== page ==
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Nearly 700 Acres of Brevard Watershed Protected

Nearly 700 acres of pristine forest land in the watershed that provides the City of Brevard’s water supply is now protected forever. In the last days of 2021, the Polchow family donated conservation easements on the land to Conserving Carolina.  

Land Protection Director Tom Fanslow says, “The Polchow family exemplifies a superb conservation ethic and community spirit. Their sacrifice of development rights ensures our community will continue to enjoy safe, high quality drinking water.” 

The 694-acre property encompasses an entire sub-watershed containing nearly seven miles of pristine streams, headwater seeps, and springs that form Tarkiln Branch, a tributary of Cathey’s Creek. In addition to protecting the public water supply for the City of Brevard, this private conservation land protects Pisgah National Forest from encroaching development. The property is surrounded on three sides by the national forest and it shares a 4.5-mile border with the forest. It’s a place of crystal-clear streams, brook trout, salamanders, rare wildflowers, and tall trees.  

Rhododendron at Tarkiln easement
Photo courtesy of Equinox

The land is owned by three Polchow siblings—Richard, Elizabeth, and one other sibling. Richard Polchow says that his parents originally purchased the land with conservation in mind. They bought the Cathey’s Creek property in 1963, when he was in middle school. The family lived in New Orleans but the kids went to summer camp in the mountains and the family would stay at Kanuga Conference Center. “We fell in love with the mountains,” he says.  

His parents, Robert (Bob) and Mary Polchow, went on to purchase land in Henderson and Transylvania Counties. “We never contemplated any subdivision or selling off the property,” Polchow says. “Conservation was the primary goal.” 

A family friend, Al Moore, who led hikes and adventures at local summer camps, connected them to the mountains in a unique way. Polchow says, “I’m fortunate to have known people who loved the land and helped to educate me about the value of the mountain land, particularly Al Moore.” 

Moore was a Brevard native with a deep knowledge of the mountains, who cherished the old mountaineers, Polchow says. For innumerable campers and for the Polchow family, Moore inspired a love for the nature, culture, and history of this region. “He lit the fire for conservation,” Polchow says.  

Photo courtesy of Equinox

The Cathey’s Creek land also benefited from the management of the previous owner, Walter Weilt. He logged the land once, in the late 1940s, but selectively, leaving all trees above 12 inches in diameter. He also logged without heavy machinery, hauling the logs out with horses and mules. “The land was really taken care of,” Polchow says. “It was never abused like some tracts, where it was clear cut and wasted.” 

Today, the forests have been growing uninterrupted for over 70 years. And, the conservation easements ensure that they will not be logged in the future. While many conservation easements do allow agriculture or forestry, the easements on the Polchow’s land are designed to offer the strongest possible protection for the watershed. Future forestry management is strictly limited to forest preservation.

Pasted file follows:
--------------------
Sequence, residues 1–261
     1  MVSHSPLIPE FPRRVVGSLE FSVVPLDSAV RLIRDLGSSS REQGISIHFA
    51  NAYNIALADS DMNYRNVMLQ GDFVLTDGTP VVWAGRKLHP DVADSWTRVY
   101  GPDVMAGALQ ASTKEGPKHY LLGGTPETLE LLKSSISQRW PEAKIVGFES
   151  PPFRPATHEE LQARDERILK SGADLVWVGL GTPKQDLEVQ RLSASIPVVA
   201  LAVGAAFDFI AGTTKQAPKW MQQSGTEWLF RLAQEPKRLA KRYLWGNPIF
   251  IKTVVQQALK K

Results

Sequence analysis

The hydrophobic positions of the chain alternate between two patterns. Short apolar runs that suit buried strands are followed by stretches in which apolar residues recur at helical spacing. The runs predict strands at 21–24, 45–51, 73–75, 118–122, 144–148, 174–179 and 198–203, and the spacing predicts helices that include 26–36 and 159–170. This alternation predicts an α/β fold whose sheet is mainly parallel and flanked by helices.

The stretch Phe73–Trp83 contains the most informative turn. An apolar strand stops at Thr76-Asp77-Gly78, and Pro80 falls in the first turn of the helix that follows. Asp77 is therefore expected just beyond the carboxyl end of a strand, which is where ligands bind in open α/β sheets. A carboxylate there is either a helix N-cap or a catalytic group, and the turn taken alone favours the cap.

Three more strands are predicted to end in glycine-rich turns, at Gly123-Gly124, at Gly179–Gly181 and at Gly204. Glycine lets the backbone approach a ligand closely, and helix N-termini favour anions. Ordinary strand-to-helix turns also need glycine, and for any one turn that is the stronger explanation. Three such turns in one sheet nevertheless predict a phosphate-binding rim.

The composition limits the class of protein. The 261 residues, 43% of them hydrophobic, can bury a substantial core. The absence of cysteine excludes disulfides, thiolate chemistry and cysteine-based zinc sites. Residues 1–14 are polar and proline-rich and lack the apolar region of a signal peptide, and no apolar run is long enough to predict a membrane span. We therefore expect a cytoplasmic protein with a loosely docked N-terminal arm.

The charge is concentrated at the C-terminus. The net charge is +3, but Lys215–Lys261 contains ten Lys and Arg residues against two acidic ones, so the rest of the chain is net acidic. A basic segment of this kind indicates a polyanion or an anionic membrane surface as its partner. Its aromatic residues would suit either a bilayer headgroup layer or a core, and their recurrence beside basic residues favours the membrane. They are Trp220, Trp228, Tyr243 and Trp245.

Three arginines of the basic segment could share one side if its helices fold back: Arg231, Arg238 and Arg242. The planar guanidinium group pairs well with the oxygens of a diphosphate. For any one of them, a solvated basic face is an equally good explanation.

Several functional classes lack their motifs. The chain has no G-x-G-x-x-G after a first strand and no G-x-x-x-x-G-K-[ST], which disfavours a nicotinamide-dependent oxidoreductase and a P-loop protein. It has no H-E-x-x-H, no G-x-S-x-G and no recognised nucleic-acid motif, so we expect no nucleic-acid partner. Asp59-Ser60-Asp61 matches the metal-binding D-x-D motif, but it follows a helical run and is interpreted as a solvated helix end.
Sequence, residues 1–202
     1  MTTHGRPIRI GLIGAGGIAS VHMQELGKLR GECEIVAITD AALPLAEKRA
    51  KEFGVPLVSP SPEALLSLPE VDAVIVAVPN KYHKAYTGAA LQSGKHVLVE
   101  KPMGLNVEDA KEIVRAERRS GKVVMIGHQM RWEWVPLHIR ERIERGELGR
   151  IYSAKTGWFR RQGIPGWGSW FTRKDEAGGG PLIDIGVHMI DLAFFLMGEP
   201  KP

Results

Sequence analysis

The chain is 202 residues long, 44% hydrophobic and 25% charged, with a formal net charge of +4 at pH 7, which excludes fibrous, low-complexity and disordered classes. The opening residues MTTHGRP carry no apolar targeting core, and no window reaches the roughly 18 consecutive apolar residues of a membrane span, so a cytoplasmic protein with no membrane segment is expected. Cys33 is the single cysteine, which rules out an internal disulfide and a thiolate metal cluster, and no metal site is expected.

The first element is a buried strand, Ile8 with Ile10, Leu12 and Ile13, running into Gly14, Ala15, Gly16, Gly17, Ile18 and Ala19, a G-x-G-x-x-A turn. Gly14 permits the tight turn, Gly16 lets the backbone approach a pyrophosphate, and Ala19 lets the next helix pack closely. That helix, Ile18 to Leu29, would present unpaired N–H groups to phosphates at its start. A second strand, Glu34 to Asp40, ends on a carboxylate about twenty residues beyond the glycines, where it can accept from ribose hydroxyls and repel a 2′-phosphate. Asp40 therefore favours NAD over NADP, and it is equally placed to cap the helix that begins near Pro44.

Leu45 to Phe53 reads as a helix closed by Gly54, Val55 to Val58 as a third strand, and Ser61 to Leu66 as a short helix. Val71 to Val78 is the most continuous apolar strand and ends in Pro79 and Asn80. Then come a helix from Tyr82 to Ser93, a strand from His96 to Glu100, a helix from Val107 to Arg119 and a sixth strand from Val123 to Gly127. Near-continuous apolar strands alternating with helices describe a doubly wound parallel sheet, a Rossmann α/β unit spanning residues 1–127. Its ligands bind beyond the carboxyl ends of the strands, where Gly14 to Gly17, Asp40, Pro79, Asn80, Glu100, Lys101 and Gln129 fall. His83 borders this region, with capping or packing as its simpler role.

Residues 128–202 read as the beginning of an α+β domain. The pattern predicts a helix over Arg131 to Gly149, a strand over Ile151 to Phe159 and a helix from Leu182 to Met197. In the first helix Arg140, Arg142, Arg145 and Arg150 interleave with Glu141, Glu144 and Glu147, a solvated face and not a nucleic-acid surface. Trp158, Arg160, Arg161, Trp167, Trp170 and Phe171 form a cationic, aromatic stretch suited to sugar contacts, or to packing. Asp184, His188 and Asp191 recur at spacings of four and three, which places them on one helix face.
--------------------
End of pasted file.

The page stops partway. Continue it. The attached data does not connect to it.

Polchow says, “My goal is: Let’s have Joyce Kilmer all over again.” When he was a boy, a year after his parents bought Cathey’s Creek, he went camping in Joyce Kilmer Memorial Forest and was awed to see the towering old growth forest. He says, “The Cathey’s Creek forest isn’t old growth but it’s getting there. It’s destined to be that again.” 

Tom Fanslow, Conserving Carolina’s Land Protection Director, points out that conservation easements are tailored to help private landowners achieve a range of goals. In addition to protecting their land, those goals might include generating income, making a living from the land, reserving limited development rights, or passing property on to the next generation.  

For a portion of this property, Equinox Environmental facilitated the easement by setting up a stream preservation mitigation bank. The streams protected under the mitigation bank will offset permitted impacts to streams elsewhere in the French Broad River watershed. The Polchow family also generously donated an easement on two upland ridges that surround but are not included in the mitigation bank.  

Photo courtesy of Equinox

Owen Carson, Botanist & Senior Ecologist at Equinox, reflects on the experience: “Working on this project with the Polchow family over the past four years has been a dream come true. In walking each of the nearly 36,000 feet of stream, traversing the slopes and ridges between, and discovering countless wild treasures hidden amongst old trees, my team and I have been truly humbled by the property’s diverse natural and cultural heritage.”   

Equinox’s efforts to help the Polchows find a conservation solution began in 2017, and were spearheaded by former vice president Steve Melton, who tragically and unexpectedly passed away in the spring of 2018. “He’d be so proud of how this project turned out,” Carson says. 

The land newly protected in the Cathey’s Creek watershed brings the amount of land protected by Conserving Carolina in 2021 to approximately 1,047 acres. Conserving Carolina has now protected a total of approximately 47,000 acres, primarily in Henderson, Transylvania, Polk, and Rutherford Counties. 

Photo courtesy of Equinox

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